All pipe pieces and pups showed fairly uniform wall thickness of 0.36 to 0.38 inches.

There were longitudinal fractures in the first and second pup of the ruptured segment and a partial circumferential fracture at the girth weld between the first and second pup. There was a complete circumferential fracture at the girth weld between the fourth pup in the ruptured segment and the fifth pup in the north segment. The longitudinal fracture in the first pup continued south into the pipe ending in a circumferential fracture in the middle of the pipe.

The following laboratory work on the pipe has been completed:

  • Written documentation, photo documentation and visual inspection of the pipe.
  • Removal of the asphalt coating from outside of the three pipe segments in preparation for non-destructive examination work.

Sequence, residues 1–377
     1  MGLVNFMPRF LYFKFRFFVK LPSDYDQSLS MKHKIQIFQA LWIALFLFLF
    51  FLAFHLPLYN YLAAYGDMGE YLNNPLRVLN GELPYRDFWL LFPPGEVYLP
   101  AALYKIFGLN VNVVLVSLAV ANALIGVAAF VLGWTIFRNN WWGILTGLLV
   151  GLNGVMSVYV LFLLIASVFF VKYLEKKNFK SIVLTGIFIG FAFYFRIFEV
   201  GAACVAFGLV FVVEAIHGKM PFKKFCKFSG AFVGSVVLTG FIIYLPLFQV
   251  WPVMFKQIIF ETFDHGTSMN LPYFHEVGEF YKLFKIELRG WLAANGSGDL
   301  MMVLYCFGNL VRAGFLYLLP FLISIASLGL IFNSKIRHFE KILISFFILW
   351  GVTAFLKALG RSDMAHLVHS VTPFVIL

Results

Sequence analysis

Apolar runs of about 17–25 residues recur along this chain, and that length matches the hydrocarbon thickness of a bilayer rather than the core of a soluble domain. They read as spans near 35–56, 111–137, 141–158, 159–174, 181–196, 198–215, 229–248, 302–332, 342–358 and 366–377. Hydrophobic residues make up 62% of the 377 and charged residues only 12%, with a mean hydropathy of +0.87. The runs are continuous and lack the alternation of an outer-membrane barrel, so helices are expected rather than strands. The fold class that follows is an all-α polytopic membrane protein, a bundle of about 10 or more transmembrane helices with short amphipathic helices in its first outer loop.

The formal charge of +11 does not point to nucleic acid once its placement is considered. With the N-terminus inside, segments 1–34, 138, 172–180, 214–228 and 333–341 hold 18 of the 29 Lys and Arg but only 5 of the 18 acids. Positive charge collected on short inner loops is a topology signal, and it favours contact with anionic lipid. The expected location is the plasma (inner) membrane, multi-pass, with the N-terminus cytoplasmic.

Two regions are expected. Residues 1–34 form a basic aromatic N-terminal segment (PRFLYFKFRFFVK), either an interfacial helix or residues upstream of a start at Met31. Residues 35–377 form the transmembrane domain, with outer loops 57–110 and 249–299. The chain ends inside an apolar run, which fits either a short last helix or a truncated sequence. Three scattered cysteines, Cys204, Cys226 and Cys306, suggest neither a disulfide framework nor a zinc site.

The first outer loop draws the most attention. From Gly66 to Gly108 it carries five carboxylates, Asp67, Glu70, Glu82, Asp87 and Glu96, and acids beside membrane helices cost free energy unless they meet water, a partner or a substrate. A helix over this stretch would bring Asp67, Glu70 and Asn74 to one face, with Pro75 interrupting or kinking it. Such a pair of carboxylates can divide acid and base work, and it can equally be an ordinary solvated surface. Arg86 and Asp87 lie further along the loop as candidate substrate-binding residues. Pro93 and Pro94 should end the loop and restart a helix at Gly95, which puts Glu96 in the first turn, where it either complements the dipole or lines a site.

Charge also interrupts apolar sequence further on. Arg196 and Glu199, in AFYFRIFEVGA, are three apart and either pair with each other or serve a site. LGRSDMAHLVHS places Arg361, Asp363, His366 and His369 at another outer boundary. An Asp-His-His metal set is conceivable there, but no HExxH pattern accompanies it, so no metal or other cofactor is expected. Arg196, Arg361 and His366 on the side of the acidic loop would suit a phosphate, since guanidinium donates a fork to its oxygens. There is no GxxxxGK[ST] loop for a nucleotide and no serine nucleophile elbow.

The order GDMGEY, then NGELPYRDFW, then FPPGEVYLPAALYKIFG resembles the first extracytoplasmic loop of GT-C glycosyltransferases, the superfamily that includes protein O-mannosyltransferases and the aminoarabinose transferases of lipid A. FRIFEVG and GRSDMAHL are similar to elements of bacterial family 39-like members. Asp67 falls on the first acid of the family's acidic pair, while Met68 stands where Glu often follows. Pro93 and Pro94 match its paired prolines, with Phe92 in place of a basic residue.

• Radiography of the girth welds and select seams.
  • Microbiological testing of the pipe surface (samples currently being analyzed).
  • Ultrasonic wall thickness measurements.
  • Magnetic particle inspection of welds and seams.
  • 3-D laser scanning of the pipe pieces for a digital dimensional record of the evidence.
  • Measurement of the longitudinal and circumferential pup dimensions.
  • Removal of key fracture surfaces from the ruptured segment for further laboratory examination at the NTSB materials lab in Washington.

The following additional work is currently on-going:

  • Precision cleaning of the fracture surfaces on the pieces cut from the ruptured pipe segment.
  • Hardness and microhardness testing.
  • Optical fractographic analysis and photodocumentation of the fracture surfaces on the pieces cut from the ruptured pipe segment.
  • Preliminary scanning electron microscopy of the fracture surfaces on the pieces cut from the ruptured pipe segment

Additional factual updates will be provided and distributed via media advisory as investigative information is developed.